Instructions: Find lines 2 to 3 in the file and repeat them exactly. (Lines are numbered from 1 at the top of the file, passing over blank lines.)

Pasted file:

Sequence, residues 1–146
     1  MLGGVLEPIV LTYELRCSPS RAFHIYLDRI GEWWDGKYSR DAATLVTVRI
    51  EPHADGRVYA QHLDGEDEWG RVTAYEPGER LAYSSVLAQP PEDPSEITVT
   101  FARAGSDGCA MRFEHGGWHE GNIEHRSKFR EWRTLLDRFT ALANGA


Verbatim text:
     1  MLGGVLEPIV LTYELRCSPS RAFHIYLDRI GEWWDGKYSR DAATLVTVRI
    51  EPHADGRVYA QHLDGEDEWG RVTAYEPGER LAYSSVLAQP PEDPSEITVT